There is no good evidence that Vitamin D protects against coronavirus, the National Institute of Health and Care Excellence has ruled. 

In April, health officials urged everyone to take a Vitamin D supplement in order to boost bone health, amid concern that lockdown was depriving most people of enough sunshine.

A number of studies have suggested that those lacking the “sunshine” nutrient are more likely to develop Covid-19.

But today Nice said the evidence in such research was “low quality” and failed to adjust for other factors – such as excess weight, or underlying health conditions, which were also found.

However, health officials stressed that taking a daily supplement is still advised – in order to protect bone and muscle health. 

They are particularly concerned that those who have been “shielding” may have been deprived of the nutrient, after months stuck indoors. 

Public Health England commissioned Nice to do a rapid evidence summary evaluating emerging evidence on vitamin-D in relation to Covid-19. 

It examined five studies, all of which were found to have a high risk of evidence, because of the low quality of evidence involved. 

Paul Chrisp, director for the centre for guidelines at Nice said: “While there are health benefits associated with vitamin D, our rapid evidence summary did not identify sufficient evidence to support the use of vitamin D supplements for the treatment or prevention of Covid-19.

“We know that the research on this subject is ongoing, and Nice is continuing to monitor new published evidence.”

Sunlight is the primary source of Vitamin D, which is essential for the absorption of calcium to maintain healthy bones and teeth.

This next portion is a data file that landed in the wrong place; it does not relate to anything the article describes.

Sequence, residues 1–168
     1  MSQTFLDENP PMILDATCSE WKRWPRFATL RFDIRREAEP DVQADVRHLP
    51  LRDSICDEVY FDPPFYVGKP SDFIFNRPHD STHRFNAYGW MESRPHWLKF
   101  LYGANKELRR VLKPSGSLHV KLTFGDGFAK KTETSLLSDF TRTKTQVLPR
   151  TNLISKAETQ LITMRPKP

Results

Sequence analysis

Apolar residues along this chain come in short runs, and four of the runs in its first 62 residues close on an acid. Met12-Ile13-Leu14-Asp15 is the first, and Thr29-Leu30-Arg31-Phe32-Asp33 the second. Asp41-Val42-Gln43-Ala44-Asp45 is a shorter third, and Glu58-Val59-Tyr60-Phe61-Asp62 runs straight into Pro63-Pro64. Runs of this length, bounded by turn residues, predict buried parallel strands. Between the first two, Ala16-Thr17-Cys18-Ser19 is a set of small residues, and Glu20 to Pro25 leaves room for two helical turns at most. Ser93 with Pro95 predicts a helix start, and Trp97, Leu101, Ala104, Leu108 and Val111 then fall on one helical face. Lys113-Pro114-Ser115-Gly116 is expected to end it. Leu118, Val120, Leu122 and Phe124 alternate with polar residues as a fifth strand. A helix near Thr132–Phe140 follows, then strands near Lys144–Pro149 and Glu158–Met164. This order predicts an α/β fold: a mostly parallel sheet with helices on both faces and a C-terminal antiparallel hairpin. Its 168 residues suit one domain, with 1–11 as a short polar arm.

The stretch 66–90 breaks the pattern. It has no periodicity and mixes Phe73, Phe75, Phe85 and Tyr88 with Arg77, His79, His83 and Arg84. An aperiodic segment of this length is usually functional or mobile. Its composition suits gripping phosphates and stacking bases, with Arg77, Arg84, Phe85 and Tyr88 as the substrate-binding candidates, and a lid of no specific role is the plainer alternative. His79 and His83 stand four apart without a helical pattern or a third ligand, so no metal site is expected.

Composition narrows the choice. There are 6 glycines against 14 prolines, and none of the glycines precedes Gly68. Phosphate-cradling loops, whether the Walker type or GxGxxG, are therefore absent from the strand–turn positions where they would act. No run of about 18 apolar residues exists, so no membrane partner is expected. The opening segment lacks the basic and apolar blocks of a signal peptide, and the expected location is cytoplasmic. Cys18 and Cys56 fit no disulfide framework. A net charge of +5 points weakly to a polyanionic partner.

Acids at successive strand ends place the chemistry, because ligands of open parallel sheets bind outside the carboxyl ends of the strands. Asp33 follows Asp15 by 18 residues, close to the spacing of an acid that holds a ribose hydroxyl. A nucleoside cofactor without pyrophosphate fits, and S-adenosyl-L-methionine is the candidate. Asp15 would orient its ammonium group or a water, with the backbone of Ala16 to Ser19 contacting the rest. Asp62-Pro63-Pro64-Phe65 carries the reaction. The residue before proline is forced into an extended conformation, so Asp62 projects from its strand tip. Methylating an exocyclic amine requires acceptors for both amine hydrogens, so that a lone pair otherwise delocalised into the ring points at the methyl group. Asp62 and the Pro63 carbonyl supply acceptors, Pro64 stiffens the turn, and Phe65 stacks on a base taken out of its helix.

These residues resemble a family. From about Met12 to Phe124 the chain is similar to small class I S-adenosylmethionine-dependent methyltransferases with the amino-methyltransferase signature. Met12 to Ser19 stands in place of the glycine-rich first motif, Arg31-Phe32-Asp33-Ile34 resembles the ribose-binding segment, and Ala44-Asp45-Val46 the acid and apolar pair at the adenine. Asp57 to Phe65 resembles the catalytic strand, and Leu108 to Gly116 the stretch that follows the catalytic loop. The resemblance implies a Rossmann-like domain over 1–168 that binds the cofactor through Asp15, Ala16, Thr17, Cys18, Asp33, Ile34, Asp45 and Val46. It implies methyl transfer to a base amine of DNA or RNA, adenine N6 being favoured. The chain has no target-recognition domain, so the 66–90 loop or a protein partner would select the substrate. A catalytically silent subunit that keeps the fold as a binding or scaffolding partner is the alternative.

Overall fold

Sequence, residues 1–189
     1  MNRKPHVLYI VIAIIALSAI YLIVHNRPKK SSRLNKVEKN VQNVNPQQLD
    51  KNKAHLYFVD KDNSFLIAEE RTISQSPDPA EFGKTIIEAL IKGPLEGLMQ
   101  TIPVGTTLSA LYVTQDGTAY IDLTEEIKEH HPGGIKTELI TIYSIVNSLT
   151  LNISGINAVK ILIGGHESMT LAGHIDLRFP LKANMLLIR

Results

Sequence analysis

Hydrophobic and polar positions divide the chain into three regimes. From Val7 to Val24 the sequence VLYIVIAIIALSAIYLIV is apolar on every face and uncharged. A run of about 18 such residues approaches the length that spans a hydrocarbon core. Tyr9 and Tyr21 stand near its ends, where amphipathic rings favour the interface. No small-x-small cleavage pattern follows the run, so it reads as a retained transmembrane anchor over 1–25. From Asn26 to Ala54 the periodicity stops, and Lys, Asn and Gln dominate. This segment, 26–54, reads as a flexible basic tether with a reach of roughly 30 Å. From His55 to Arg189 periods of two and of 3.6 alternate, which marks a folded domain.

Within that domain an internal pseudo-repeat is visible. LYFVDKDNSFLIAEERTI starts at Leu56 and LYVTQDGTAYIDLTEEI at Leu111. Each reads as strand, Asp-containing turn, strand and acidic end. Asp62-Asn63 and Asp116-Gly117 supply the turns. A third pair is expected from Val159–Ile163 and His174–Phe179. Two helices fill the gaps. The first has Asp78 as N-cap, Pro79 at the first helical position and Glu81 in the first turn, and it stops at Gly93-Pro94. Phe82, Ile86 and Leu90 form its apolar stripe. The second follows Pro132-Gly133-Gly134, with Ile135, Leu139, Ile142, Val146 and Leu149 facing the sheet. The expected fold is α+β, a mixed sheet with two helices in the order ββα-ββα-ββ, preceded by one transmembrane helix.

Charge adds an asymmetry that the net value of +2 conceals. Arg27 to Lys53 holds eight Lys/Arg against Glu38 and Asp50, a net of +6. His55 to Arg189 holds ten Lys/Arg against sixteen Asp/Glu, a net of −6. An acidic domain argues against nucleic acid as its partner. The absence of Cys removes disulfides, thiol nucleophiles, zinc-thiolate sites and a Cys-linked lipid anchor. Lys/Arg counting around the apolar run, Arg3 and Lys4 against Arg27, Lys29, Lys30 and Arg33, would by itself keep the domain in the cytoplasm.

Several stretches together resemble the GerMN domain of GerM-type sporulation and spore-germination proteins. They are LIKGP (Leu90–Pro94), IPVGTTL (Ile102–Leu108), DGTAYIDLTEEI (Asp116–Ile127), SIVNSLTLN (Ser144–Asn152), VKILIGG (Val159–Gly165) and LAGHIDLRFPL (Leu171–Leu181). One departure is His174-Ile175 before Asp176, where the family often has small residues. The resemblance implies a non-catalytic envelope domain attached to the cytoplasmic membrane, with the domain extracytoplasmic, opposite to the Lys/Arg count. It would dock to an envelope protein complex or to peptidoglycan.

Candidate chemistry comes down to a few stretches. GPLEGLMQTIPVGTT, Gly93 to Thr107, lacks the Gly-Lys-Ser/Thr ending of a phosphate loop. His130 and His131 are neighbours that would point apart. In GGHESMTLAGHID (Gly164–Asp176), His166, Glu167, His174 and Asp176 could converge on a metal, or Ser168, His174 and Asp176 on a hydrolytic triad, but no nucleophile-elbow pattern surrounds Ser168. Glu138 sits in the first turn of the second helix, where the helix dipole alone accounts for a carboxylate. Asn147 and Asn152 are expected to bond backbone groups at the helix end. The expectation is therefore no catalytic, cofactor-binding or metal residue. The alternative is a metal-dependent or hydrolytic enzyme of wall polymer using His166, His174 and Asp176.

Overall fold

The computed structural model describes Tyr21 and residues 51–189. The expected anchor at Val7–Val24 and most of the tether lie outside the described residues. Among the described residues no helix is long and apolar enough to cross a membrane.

For some years, PHE has said everyone should consider taking a supplement during autumn and winter months, when sunshine is limited.

Children, the elderly and those with some health conditions are already advised to consider doing so all year round. 

But after lockdown began, the advice was changed, with officials saying everyone should think about taking a daily supplement to ensure they have enough levels of the “sunshine supplement”.

Dr Alison Tedstone, PHE chief nutritionist said: “With many people spending more time indoors, particularly the more vulnerable groups and those ‘shielding’, there is a risk that some people may not be getting all the vitamin D they need from sunlight. It’s important they consider taking a daily 10 micrograms vitamin D supplement to help protect bone and muscle health.”

On Monday, scientists urged the Government to give stronger messages about the importance of following such advice. 

A Royal Society review concluded that low levels of the vitamin may be a factor in poor Covid-19 outcomes in some groups, but said more data was needed.  

Vitamin D is known to play an important role in the immune system and has been shown to help limit infections from some respiratory viruses, they said. 

“Although the direct evidence on Vitamin D in Covid-19 is lacking, it is quite plausible that the same will hold for this virus,” said Professor Charles Bangham, Chair of Immunology at Imperial College London.

“It is possible that higher rates of Vitamin D deficiency could be one reason why people with darker skin are affected more seriously by the disease – but there are a lot of other factors as well so we need to collect this data”.

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